The Winos of Oz
Fifty or sixty hungry people were already queued up when I joined the line, and more kept straggling in until the crowd was nearly two hundred strong. We were a sorry assembly of the hobbling and the unhoused, burdened by backpacks and bulging garbage sacks, by duct-taped suitcases and grimy khaki duffle bags—misfortune’s impedimenta, everywhere I looked. There were a handful of shopping-cart ladies in the crowd, but most of the Oz’s clients were men my age and older, boozers for the most part, passing pocket pints back and forth with their buddies as they stood in line smoking hand-rolled tobacco and coughing like fugitives from a TB ward.
As I waited in line, taking in the scene, my eye was drawn to the graffiti-tagged wall of the warehouse building that overlooked the far side of the parking lot, where some sardonic joker had spray-painted in big looping silver letters: It’s never too late to have a happy childhood! I wondered how quickly you’d get laughed out of the parking lot if you tried peddling that Peter Pan bullshit to this crowd. And yet, the truth of the matter was that all of us, whether by hard luck or our own bad choices, had been reduced to needy children. Children waiting patiently for the grown-ups at the Oz to feed us our supper. Happy childhood, my ass. The mother of dissipation is not joy, but joylessness—now there’s a tag that would have been more resonant under the circumstances. But how many graffiti artists read Nietzsche these days? Not enough, it seemed, or they wouldn’t be wasting good paint on bad quotes from a pap-slinger like Tom Robbins.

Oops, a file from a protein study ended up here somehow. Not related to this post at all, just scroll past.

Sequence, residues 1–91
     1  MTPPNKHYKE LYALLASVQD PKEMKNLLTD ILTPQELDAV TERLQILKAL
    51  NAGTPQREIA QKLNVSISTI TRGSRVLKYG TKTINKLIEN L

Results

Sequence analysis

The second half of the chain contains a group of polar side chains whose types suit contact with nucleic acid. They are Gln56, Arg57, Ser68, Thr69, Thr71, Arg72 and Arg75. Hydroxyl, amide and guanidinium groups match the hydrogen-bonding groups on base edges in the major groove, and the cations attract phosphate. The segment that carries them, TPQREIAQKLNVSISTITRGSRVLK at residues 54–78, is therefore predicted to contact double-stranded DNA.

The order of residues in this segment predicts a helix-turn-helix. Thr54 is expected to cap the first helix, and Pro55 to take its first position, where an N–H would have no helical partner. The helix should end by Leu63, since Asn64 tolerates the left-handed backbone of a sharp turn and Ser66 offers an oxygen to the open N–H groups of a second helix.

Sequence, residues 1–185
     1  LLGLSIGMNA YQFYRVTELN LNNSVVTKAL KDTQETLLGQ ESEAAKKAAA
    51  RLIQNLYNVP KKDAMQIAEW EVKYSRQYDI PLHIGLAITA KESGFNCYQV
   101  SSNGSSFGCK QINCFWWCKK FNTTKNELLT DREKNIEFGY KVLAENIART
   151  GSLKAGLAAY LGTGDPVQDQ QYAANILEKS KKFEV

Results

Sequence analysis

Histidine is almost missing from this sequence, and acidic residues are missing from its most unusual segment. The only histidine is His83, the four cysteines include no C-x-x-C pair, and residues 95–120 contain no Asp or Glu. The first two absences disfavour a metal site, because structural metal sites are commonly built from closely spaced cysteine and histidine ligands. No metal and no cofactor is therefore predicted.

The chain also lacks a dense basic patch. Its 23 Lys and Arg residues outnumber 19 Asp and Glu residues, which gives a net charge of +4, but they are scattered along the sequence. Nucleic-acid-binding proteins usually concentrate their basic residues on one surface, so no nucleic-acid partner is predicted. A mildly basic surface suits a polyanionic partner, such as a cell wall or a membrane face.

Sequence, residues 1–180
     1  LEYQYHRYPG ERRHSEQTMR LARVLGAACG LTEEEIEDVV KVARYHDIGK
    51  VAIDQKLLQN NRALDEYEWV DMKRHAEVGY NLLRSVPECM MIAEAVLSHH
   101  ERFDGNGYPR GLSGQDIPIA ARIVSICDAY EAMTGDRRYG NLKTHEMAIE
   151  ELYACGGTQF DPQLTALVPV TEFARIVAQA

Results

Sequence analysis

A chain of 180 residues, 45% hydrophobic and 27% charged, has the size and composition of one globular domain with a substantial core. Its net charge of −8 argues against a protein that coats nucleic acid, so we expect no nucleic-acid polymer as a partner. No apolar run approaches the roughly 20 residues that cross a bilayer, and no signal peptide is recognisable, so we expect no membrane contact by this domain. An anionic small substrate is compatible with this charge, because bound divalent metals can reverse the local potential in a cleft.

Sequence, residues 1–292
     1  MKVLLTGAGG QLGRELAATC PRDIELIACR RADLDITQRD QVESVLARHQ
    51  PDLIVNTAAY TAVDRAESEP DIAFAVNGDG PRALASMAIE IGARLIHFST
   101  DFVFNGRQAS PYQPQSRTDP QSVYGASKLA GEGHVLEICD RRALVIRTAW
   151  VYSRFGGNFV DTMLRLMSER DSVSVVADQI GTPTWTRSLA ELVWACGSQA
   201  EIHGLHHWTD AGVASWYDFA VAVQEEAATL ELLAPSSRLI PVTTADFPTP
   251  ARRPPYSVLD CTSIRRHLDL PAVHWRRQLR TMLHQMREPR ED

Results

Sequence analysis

“How’s the chow here?” I asked the guy in line ahead of me, a short black man in his fifties who stood leaning on a tripod cane.
‘Oh, they feed us plenty good here,’ he said. “You ain’t been to the Oz before? Must be new in town then.”
“Just got here this afternoon,” I admitted. “Travellers Aid hooked me up with a voucher for this place. Glad they did, too. I’ve hardly had a thing to eat in two days.”
“Well, at supper they only feed us sandwiches, but you’ll get your belly full anyway. Breakfast and lunch are the two hot meals. You a drinkin’ man, son?”
“Not much any more,” I replied, with a hint of Dixie beer still bitter on my breath. “Even so, watch your step when you’re walking around town,” he warned. “Mardi Gras is coming up soon, and the cops are doing what they always do this time of year—snatching drunks off the streets so the crooked judges can sentence them to community service. That’s who gets stuck putting up most of the bleachers along the parade route.”
“That sucks,” I said. “What a scam.”
“Slave labor, you ask me. Cousin of mine got snatched two days ago. He was fresh out of detox. Hadn’t touched a drop in a week. But the cops still charged him with drunk in public when he stumbled on a rough patch of sidewalk. So, like I say, son, mind how you step.”
Excerpted from the book, Idiot Wind, by Peter Kaldheim. Copyright © 2019 by Peter Kaldheim. Reprinted with permission of Canongate. All rights reserved.